Investigation of the Effect of Speed Ratio on Workpiece Surface Topography in Cylindrical Plunge Grinding using Grooved and Non-Grooved Grinding Wheels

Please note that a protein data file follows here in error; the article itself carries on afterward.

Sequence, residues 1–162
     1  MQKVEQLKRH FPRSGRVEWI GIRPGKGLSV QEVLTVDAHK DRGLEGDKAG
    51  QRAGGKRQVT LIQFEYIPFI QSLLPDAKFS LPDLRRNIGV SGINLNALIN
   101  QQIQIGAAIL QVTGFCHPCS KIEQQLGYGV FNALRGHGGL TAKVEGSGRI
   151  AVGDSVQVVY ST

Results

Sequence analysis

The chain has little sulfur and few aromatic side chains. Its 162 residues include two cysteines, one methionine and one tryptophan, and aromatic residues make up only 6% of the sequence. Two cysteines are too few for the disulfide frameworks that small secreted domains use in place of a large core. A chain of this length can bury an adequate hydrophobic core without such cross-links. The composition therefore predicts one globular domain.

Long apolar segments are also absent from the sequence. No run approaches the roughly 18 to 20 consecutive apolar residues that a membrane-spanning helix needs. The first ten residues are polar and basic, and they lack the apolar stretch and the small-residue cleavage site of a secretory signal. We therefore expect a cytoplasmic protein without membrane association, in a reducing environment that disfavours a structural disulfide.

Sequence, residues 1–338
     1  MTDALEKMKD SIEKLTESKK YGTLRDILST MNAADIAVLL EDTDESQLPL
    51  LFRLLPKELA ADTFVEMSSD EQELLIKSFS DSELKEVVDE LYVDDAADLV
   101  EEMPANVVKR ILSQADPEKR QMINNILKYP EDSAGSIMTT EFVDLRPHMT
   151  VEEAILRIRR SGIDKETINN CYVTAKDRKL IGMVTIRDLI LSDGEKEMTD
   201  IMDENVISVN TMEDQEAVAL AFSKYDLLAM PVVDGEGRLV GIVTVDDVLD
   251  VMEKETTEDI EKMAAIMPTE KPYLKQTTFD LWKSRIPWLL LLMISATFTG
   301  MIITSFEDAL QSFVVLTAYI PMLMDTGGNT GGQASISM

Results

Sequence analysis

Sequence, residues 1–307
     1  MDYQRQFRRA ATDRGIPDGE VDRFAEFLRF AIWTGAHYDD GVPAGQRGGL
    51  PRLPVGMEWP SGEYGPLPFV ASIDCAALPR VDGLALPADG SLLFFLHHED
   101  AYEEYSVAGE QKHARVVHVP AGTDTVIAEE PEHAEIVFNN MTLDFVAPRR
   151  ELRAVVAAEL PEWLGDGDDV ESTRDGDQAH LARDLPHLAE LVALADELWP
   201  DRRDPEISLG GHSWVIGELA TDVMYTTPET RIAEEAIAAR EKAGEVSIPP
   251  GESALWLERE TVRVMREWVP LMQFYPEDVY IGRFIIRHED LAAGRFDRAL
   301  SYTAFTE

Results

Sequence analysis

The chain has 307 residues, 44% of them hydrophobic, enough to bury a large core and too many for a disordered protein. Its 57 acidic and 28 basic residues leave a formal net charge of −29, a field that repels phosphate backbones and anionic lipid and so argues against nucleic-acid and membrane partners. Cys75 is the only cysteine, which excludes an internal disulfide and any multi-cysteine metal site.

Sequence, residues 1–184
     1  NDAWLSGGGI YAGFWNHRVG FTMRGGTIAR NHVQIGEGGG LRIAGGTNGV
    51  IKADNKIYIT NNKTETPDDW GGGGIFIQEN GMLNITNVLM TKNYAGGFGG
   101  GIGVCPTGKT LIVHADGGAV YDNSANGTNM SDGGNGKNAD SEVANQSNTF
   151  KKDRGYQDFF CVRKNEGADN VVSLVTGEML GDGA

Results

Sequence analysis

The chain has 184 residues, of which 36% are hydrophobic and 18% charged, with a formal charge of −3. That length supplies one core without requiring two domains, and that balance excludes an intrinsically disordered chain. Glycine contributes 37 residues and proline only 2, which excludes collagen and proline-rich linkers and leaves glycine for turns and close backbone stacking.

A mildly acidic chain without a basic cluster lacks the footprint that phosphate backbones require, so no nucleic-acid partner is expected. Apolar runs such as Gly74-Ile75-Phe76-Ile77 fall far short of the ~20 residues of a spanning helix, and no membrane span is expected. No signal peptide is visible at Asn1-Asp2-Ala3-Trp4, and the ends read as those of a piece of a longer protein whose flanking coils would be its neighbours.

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This work explores the effect of integer and non-integer speed ratios on surface topography in cylindrical plunge grinding with grooved and non-grooved grinding wheels. For this investigation, an extensive experimental study was performed along with computer simulations. This research started with the development of stochastic wheel models to carry out 2D cylindrical grinding simulations. The simulator provided an excellent prediction of surface roughness trends and insights into the underlying mechanisms that govern the resulting surface roughness. Next, all the integer speed ratios from 2 to 7 were used in both experiments and simulations to study the workpiece topographies. Integer speed ratios were found to produce higher workpiece surface roughness values compared to non-integer speed ratios, and thread-like patterns were observed for grooved-wheel grinding. A dwell time study was conducted which revealed that the surface roughness improved for dwell times up to 10 seconds for both grooved and non-grooved wheels. Therefore, the final set of experiments and simulations used 10 seconds of dwell time with non-integer speed ratios between 4 and 5. The experiments also found that grooved grinding wheels consume less energy and exhibit less process forces than the non-grooved wheels. Roughness peaks were found to occur in the workpiece surface because of a synchronization phenomenon that can occur between the cutting edges on the grinding wheel and the workpiece. Formulae to determine the minimum number of grinding wheel revolutions required for synchronization at different speed ratios were derived using a kinematical approach. These formulae were used to help predict optimal speed ratios. It was found that a speed ratio of 4.78 yielded the best surface finish of 0.302 μm for grooved-wheel grinding, while a speed ratio of 4.22 produced the best surface finish of 0.189 μm for non-grooved-wheel grinding. Although the grooved wheels yielded a rougher workpiece surface than the non-grooved wheels, grooved-wheel grinding using the optimal speed ratio was able to achieve close to the 0.30 μm “fine quality” surface finish standard. An important key takeaway from the work of this thesis is that grooved wheels have potential to further improve the surface finish if speed ratios with a higher number of grinding wheel revolutions for synchronization are selected and successfully achieved.
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